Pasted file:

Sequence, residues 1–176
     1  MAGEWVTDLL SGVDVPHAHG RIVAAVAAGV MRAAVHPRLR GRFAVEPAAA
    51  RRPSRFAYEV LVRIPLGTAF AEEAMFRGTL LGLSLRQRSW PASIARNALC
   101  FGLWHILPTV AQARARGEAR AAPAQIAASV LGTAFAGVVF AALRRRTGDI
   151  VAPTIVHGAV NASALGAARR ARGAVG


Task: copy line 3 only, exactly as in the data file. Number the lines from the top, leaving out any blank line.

    51  RRPSRFAYEV LVRIPLGTAF AEEAMFRGTL LGLSLRQRSW PASIARNALC